Additional features and advantages are realized through the techniques of the present invention. Other embodiments and aspects of the invention are described in detail herein and are considered a part of the claimed invention. For a better understanding of the invention with advantages and features, refer to the description and to the drawings.

BRIEF DESCRIPTION OF THE SEVERAL VIEWS OF THE DRAWINGS

The subject matter which is regarded as the invention is particularly pointed out and distinctly claimed in the claims at the conclusion of the specification. The foregoing and other objects, features, and advantages of the invention are apparent from the following detailed description taken in conjunction with the accompanying drawings in which:

FIG. 1 pictorially illustrates micrographs of a manually imprinted and tool imprinted vinyl ether resist cured film, wherein the vinyl ether resist formulation included 100% crosslinker.

FIG. 2 illustrates an exemplary imprint lithography process.

The detailed description explains the preferred embodiments of the invention, together with advantages and features, by way of example with reference to the drawings.

DETAILED DESCRIPTION

Disclosed herein are organic vinyl ether based resist formulations suitable for nanoimprint applications that provide improved control over the film properties, overcoming problems noted in the prior art. The organic vinyl ether resist formulations generally include at least one vinyl ether crosslinker having at least two vinyl ether groups; at least one diluent comprising a monofunctional vinyl ether compound; and at least one photoacid generator soluble in a selected one or both of the at least one monofunctional vinyl ether diluent and the at least one vinyl ether crosslinker having the at least two vinyl ether groups, wherein the at least one vinyl ether crosslinker and the at least one monofunctional vinyl ether diluent are free from silicon and fluorine. In one embodiment, the composition has a viscosity of less than or equal to 100 centipoise at 295° Kelvin. In other embodiments, the composition has a viscosity of less than or equal to 15 centipoise at 295° Kelvin, and in still other embodiments, the composition has a viscosity of less than or equal to 5 centipoise at 295° Kelvin.

Applicants have discovered that photoacid solubility in a selected one or both of the at least one monofunctional vinyl ether diluent and the at least one vinyl ether crosslinker provides increased versatility in resist formulation. Moreover, the use of monofunctional vinyl ether diluents in combination with the multifunctional vinyl ether crosslinkers provides the formulator with increased tools for manipulating film properties than previously possible. Film properties such as adhesion, smoothness, the number of film defects, and the like, can be optimized without placing solubility constraints on every vinyl ether component.

As discussed above, the organic vinyl ether curable resist formulations include at least one monofunctional vinyl ether diluent free from a silicon and a fluorine substituent, wherein the at least one monofunctional vinyl ether diluent has a single vinyl ether group (CR2═CRO—) which may be represented by the following structure(I):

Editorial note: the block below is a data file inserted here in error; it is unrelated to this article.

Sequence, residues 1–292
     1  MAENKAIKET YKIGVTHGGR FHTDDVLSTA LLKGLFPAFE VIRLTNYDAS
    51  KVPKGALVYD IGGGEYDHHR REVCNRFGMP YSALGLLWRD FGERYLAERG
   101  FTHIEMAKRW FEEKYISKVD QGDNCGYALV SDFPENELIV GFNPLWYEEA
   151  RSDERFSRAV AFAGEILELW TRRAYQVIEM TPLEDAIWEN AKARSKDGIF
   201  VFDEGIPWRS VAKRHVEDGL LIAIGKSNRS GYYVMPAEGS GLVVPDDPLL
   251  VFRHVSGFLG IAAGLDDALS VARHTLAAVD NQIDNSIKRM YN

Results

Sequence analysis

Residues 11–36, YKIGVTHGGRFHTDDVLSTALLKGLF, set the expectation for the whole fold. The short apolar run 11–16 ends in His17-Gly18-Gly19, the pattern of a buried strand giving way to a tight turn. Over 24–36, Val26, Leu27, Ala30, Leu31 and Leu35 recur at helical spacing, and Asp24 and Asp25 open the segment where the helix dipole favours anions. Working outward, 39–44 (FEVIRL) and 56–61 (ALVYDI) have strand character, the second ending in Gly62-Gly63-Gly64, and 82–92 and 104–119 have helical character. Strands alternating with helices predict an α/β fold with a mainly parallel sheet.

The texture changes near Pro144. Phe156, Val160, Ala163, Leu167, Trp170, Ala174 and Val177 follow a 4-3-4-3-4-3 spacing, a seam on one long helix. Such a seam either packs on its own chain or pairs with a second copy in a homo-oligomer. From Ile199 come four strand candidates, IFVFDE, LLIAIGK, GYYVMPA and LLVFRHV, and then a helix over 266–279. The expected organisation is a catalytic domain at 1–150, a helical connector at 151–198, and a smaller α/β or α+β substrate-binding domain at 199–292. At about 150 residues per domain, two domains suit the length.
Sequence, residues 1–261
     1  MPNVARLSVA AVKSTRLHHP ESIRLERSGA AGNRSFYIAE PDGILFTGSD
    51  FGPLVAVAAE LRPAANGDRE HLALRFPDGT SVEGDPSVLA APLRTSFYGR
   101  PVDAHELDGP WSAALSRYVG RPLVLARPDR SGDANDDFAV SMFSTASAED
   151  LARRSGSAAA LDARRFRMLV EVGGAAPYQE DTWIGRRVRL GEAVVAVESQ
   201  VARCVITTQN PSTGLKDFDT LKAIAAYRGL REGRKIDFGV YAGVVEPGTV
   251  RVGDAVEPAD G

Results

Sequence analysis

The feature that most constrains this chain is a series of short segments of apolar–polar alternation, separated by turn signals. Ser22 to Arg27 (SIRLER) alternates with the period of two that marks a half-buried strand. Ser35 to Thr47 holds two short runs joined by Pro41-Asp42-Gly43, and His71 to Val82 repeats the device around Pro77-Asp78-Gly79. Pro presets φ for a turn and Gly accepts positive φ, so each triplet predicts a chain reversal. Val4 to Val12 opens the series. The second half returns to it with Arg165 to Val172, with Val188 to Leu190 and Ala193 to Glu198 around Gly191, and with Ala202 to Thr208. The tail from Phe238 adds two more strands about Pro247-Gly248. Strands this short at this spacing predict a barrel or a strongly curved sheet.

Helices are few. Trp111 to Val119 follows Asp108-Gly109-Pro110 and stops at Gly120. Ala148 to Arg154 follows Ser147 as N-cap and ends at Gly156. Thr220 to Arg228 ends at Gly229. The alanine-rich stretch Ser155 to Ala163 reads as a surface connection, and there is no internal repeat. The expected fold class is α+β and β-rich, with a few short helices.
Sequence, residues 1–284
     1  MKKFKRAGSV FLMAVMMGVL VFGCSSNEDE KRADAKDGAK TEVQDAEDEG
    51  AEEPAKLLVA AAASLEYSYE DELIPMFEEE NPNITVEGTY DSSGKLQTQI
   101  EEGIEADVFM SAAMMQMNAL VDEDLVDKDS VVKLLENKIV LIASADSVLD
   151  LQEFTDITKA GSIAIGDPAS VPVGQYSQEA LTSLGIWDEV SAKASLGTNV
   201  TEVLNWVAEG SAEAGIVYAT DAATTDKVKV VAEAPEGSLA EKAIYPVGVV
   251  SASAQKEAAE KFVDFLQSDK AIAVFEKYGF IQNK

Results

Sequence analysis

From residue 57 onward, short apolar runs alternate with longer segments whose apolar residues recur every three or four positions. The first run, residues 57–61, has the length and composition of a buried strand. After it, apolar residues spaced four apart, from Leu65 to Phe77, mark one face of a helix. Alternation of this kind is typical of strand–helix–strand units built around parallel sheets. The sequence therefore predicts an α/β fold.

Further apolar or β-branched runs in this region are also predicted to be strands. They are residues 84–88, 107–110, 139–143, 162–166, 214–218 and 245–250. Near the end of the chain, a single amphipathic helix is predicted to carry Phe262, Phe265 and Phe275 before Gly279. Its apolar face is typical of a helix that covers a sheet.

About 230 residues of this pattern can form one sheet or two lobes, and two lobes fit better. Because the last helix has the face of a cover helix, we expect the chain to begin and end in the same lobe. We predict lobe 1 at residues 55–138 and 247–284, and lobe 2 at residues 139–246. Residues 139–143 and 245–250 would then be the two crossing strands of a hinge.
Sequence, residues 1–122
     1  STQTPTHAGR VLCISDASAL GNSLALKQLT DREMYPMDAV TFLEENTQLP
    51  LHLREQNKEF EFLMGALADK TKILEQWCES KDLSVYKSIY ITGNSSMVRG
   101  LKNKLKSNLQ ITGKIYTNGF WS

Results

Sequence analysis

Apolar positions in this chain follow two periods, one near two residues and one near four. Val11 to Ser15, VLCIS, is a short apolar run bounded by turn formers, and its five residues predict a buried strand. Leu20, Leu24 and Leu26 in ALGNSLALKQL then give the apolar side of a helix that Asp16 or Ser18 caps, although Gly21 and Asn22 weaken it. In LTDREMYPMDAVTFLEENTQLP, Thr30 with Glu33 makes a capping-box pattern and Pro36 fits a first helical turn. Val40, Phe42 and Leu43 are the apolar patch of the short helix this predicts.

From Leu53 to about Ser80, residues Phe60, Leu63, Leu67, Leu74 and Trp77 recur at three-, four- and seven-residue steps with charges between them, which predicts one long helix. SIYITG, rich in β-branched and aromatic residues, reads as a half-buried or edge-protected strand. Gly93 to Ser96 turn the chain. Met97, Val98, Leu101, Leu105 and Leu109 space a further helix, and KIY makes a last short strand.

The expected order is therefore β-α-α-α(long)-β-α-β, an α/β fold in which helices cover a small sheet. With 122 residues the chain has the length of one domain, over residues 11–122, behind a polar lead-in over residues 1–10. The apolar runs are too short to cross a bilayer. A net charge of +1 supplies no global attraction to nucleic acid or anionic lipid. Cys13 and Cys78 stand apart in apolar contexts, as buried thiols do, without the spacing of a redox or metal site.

C(R1)(R2)═C(R3)OCm(R4)(R5)   (I)

The resist composition also includes at least one vinyl ether compound free from a silicon and a fluorine substituent and having at least two vinyl ether groups, wherein the multifunctional vinyl ether may be represented by the following structures (II-IV):


C(R6)(R7)═C(R8)OC(R9)(R10)[C(R11)(R12)]nC(R13)(R14)OC(R15)═C(R16)(R17)   (II)


C(R18)(R19)═C(R20)OC(R21)(R22)[Cp(R23)(R24)OCq(R25)(R26)]rC(R27)(R28)OC(R29)═C(R30)(R31)   (III)


[C(R32)(R33)═C(R34)OC(R35)(R36)[C(R37)(R38)]s[Ct(R39)(R40)OCu(R41)(R42)]v]w[A]  (IV)

In formulas (I)-(IV), each m is represented by an integer from 1 to 20, wherein “m” can be arranged in a linear chain or in a cyclic or polycyclic structure. Each n is represented by an integer from 1 to 10, and it is understood that for each of the C(R11)(R12) groups represented by n, the R11 and R12 groups are independently selected at each occurrence and are not necessarily the same. The carbon backbone (n C) can be arranged in a linear chain or in a cyclic or polycyclic structure. Each p is represented by an integer from 1 to 10, and it is understood that for each of the C(R23)(R24) groups represented by p, the R23 and R24 groups are independently selected at each occurrence and are not necessarily the same. The carbon backbone (p C) can be arranged in a linear chain or in a cyclic or polycyclic structure. Each q is represented by an integer from 1 to 10, and it is understood that for each of the C(R25)(R26) groups represented by q, the R25 and R26 groups are independently selected at each occurrence and are not necessarily the same. The carbon backbone (q C) can be arranged in a linear chain or in a cyclic or polycyclic structure. Each r is represented by an integer from 1 to 10. Each s is represented by an integer from 0 to 10, and it is understood that for each of the C(R37)(R38) groups represented by s, the R37 and R38 are independently selected at each occurrence and are not necessarily the same. The carbon backbone (s C) can be arranged in a linear chain or in a cyclic or polycyclic structure. Each t is represented by an integer from 1 to 10, and it is understood that for each of the C(R39)(R40) groups represented by t, the R39 and R40 groups are independently selected at each occurrence and are not necessarily the same. The carbon backbone (t C) can be arranged in a linear chain or in a cyclic or polycyclic structure. Each u is represented by an integer from 1 to 10, and it is understood that for each of the C(R41)(R42) groups represented by u, the R41 and R42 groups are independently selected at each occurrence and are not necessarily the same. The carbon backbone (u C) can be arranged in a linear chain or in a cyclic or polycyclic structure. Each v is represented by an integer from 0 to 10. Each w is represented by integers from 2 to 6.